The two houses want to increase the minimum grant under the Tuition Assistance Program (from $5,165 to $5,310) and increase the maximum family income for eligibility (from $80,000 to $110,000).
Cuomo has called for closing three more state prisons. He notes the inmate population continues to decrease and that New York has shuttered more than 20 prisons and juvenile detention centers in the last nine years.
Neither the Assembly nor Senate called for closing more prisons.
Cuomo is reviving the idea of a tax on opioid prescriptions after a court last year ruled a similar tax was an unconstitutional intrusion on interstate commerce. The governor restructured the idea — making it a fee and allowing companies to pass the cost on to consumers.
The Senate backs the idea but the Assembly omitted it from its budget proposal.
Cuomo has proposed legalizing cannabis, taxing it and using some of the proceeds to help fund mass transit. The two houses support legalization but differ from the governor on how to use the money and whether to include the legislation in the budget.
In particular, the Assembly is calling for some of the proceeds to be directed to communities, Speaker Carl Heastie (D-Bronx) said, that have been “disproportionately impacted by past criminalization of marijuana.”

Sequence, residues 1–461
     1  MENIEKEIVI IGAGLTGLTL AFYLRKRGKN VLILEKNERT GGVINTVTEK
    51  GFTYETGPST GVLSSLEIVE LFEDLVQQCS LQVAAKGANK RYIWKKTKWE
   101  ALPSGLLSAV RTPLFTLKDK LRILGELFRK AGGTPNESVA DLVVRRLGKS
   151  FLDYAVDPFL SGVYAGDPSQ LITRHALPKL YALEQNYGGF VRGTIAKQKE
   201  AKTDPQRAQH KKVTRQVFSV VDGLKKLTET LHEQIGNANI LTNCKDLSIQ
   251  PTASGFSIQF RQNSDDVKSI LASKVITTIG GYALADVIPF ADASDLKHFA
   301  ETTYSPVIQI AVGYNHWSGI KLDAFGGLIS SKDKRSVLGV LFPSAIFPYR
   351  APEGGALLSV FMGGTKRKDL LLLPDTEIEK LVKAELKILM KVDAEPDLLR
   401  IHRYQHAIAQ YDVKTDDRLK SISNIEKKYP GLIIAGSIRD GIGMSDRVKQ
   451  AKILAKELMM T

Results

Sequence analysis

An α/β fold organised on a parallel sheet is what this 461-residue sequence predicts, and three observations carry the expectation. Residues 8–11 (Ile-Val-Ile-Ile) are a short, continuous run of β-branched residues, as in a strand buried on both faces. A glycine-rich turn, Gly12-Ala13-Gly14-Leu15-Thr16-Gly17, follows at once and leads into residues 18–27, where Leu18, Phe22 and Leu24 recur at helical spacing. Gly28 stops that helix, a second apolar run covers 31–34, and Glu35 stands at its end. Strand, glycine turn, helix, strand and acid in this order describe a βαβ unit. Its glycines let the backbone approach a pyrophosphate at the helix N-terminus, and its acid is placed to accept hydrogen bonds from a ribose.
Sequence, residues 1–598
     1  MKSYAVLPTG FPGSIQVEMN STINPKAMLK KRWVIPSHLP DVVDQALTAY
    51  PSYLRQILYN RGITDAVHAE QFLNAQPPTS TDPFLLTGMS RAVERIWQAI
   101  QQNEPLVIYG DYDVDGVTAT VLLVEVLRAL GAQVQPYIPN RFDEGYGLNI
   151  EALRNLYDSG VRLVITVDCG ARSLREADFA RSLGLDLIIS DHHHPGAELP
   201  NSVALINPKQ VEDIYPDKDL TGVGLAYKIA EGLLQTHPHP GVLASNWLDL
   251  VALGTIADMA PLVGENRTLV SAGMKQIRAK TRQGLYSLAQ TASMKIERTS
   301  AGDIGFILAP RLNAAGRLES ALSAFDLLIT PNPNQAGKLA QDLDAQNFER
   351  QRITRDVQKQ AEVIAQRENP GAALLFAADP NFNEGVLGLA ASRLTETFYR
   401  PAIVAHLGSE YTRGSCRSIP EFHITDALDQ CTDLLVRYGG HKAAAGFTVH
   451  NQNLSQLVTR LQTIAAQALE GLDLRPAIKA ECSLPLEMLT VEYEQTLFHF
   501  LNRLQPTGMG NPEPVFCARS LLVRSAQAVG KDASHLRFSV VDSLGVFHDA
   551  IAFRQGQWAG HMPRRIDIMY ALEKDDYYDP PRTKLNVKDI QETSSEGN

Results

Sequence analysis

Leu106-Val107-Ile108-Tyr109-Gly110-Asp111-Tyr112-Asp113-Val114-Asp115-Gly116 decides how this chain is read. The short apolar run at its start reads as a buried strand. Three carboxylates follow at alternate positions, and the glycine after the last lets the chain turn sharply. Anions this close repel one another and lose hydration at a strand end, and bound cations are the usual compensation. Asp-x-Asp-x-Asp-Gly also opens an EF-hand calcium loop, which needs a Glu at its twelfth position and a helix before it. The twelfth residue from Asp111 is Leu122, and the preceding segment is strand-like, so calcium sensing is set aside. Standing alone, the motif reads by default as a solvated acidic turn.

Like marijuana, the chief issue is whether to handle this issue as stand-alone legislation rather than through the budget. The governor and the houses conceptually agree on ending cash bail for some criminal charges (though disagreeing on the specifics), enacting new “speedy trial” deadlines and forcing prosecutors to allow defense attorneys access to evidence earlier in proceedings.
Cuomo has proposed imposing a charge on drivers who enter Manhattan south of 60th Street as one way of generating revenue for the crumbling subway system. Cuomo said that without congestion pricing, the Metropolitan Transportation Authority would have to impose up to a 30 percent mass transit fare hike to help keep the agency going.
But opposition in the Assembly comes from Queens and Brooklyn representatives who worry about residents who don't live close to mass transit options. In the Senate, the Long Island and Hudson Valley delegations have complained the proposal doesn't funnel money into commuter rail.
The 2 percent cap typically has been renewed every few years by popular support. Cuomo wants to make the cap permanent. The Senate has voted to do so in a bill not connected to the budget. The Assembly hasn’t and has questioned whether it’s necessary to tie the issue to the budget.
Further, some Assembly members note the tax cap has been tied politically to the renewal of New York City rent-control laws, which Cuomo has omitted from his budget.
One upstate lawmaker said in a radio interview what numerous legislators have said privately: It’s not that they don’t support the tax cap. It’s that Cuomo wants them to give up one of the few leverage points they have in negotiations.
“He always zeros out our programs … It’s part of the budget dance,” Assemb. Al Stirpe (D-Syracuse) said. He said it’s doubtful legislators would allow the tax cap to expire.
“I think we will always renew it,” Stirpe said. “Whether it’s made permanent, I don’t know.”